Wednesday, December 31, 2008

The Summer of 2008, Ligonier, PA - Part 1

Being an introductory post to this topic, this may be a little dry.

This summer, I was a Summer Camp Counselor at Ligonier Camp & Conference Center in Ligonier, Pennsylvania. It's a Christian Summer Camp of the traditional summer camp variety, if that makes any sense, and it is a pretty awesome place. I ended up there for the summer because a friend of a friend said they needed more guys, and I needed a summer job. They really did need more guys, and I am incredibly glad that I was there.

LCCC, as it is called, is actually a fairly complicated operation. There are three Camps: Summer Camp, which runs all summer; Next Level, which is more intense/extreme, exclusive to older campers, and only runs the first third of the summer; and On The Edge which is outside groups like church youth groups coming to Camp. There are Summer Camp Counselors, Next Level Counselors, Wilderness Staff who run all kinds of activities, Counselors In Training (CITs) who are High Schoolers who love Camp so much that they'll clean the toilets, Next Level CITs whose job remains a mystery to me (not that they are idle, I just don't know what they do), and a whole bunch of other staff, some of whom live and work at Camp year-round. I was a Summer Camp Counselor, and this meant that every Session I was placed in a cabin with at lesat one CIT or Co-Counselor and up 10 boys, and collectively we were a "Tribe". I was specifically a "Unit 2" Counselor, and this meant that my youngest was 8 years old and my oldest 13, but mostly they fell in the 10-12 range.

Camp is divided into "Sessions", which are either one or two week, and kids come to Camp for a Session. Sometimes kids stay for more than one Session, but that is rare. Anyways, two-week Sessions are less popular than they used to be, but a lot better than one-week Sessions, because there is just a lot more time to do awesome stuff. Camp is, as you might expect, very structured; a typical day at Camp runs something like this:
  1. Staff Meeting in the Dining Hall. Sometimes this closed with singing, other times with a little devotion or sermon type thing from someone.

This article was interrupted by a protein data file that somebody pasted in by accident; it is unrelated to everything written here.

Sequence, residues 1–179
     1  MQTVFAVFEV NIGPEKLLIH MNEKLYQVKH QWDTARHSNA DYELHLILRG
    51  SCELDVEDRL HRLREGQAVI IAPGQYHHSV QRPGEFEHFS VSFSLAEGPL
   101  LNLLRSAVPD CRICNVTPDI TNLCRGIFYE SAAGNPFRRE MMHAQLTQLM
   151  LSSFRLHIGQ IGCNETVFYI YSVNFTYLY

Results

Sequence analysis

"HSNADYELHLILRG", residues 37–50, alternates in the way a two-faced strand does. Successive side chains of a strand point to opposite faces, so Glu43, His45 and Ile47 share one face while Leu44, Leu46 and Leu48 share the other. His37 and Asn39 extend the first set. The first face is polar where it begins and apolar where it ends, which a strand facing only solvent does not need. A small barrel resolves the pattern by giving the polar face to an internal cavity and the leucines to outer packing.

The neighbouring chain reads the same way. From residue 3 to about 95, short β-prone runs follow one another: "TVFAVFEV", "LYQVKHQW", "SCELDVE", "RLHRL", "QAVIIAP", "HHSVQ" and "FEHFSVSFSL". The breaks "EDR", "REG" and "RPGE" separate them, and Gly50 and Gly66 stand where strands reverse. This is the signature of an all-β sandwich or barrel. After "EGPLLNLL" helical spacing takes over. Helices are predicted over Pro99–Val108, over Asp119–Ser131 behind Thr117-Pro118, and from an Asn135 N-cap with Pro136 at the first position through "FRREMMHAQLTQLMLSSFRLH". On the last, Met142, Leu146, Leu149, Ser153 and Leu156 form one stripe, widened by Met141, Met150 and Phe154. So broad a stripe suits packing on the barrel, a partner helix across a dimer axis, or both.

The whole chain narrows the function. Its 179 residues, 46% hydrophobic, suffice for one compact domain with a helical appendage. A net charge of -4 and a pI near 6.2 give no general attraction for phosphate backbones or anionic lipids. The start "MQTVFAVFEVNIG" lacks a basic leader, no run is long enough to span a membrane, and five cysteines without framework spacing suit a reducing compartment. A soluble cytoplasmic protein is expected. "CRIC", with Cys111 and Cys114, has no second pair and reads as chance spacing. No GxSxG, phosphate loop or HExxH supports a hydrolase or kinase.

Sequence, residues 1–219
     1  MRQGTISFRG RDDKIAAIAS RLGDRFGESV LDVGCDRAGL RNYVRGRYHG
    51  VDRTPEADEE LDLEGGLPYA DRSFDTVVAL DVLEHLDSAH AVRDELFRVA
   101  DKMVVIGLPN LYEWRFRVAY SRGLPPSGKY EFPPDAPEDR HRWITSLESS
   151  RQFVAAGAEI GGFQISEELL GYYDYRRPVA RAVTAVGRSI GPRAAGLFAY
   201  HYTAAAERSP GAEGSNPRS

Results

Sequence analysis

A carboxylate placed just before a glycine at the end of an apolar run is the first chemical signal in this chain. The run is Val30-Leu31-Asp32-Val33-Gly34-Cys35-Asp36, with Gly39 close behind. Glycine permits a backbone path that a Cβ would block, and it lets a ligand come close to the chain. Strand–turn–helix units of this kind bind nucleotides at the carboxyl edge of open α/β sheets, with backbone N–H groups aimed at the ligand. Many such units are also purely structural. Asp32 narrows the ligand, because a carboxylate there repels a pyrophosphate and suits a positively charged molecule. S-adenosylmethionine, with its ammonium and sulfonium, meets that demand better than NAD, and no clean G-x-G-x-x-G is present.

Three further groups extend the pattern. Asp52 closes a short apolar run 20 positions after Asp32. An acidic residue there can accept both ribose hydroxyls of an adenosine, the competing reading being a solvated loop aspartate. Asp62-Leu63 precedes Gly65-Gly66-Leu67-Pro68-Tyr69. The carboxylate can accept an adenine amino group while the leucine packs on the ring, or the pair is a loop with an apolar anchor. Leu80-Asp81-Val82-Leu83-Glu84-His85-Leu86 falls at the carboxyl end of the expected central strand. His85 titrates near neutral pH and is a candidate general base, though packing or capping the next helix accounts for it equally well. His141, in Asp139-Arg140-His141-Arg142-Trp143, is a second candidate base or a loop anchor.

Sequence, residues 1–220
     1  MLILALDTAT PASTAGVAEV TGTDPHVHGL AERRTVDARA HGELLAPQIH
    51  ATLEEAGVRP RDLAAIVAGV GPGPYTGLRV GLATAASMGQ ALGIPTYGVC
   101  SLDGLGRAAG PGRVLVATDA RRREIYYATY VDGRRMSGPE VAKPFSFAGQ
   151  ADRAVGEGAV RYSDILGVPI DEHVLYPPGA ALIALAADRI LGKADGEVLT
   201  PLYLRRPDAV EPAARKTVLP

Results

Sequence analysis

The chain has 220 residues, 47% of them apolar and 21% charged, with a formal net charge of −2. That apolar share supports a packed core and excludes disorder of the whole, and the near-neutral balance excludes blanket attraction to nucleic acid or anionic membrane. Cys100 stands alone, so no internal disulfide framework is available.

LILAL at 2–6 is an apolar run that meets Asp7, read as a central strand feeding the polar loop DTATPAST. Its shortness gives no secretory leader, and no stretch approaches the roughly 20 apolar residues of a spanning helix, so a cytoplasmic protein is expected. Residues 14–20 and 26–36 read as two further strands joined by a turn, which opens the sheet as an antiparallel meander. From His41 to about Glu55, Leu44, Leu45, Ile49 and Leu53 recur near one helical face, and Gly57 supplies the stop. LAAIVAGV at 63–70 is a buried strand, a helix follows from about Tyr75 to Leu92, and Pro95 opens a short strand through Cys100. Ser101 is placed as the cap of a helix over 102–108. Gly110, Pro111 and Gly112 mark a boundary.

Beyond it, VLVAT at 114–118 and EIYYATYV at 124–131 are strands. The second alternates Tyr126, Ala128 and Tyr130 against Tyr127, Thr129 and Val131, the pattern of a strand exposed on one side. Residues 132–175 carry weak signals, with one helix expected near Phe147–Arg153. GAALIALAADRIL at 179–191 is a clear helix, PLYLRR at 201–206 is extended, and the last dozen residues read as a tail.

2. The kids come down for breakfast, having been woken by their CIT.
  3. At the end of morning announcements, we disperse for our morning rotations, which were decided at the staff meeting. This might mean...
  4. Bible Study!
  5. Prison Dodgeball against at least one other Tribe. The best games involved as many Tribes as possible.
  6. A "Skill", such as Archery, Riflery, Frisbee, Swimming, Volleyball, Hockey, Basketball, the Craft Hall, etc. When it's Skill time, counselors trade tribes and teach kids they don't know very well.
  7. Now we would all return to the Dining Hall for lunch!
  8. After afternoon annoucements, we all go to our Duty Areas (haha, I said doody!), which meant cleaning up some section of Camp.
  9. Rest Hour. Oh we love Rest Hour.
  10. If this is a one-week Session, it's time for another Skill. If this is a two-week Session, it's usually time for Electives! Electives are little classes, such as Target Sports, Guitar (which I taught), Boom Whackers & Stomp, Gospel Choir, Drama, Fitness, Swimming, etc. Sometimes in a two-week Session, it would just be extended Action Options. What does that mean? See below.
  11. Now it's time for Action Options. Many kids believe Action Options to be Free Time, but many Counselors have called it, in jest, Calvinist Free Time. This is to say, you only think you have a choice. The kids get to choose what they're gonna do, but it's from a limited set of options, such as The Rec Deck (Foosball, Ping-Pong, Chess, & more), The Pavilion (Basketball, 4-Square), The Pool, The Hub (the Camp Store), The Craft Hall, and maybe something special, like Chubba-Chubba-Can-Can (a game which I will not explain at this time).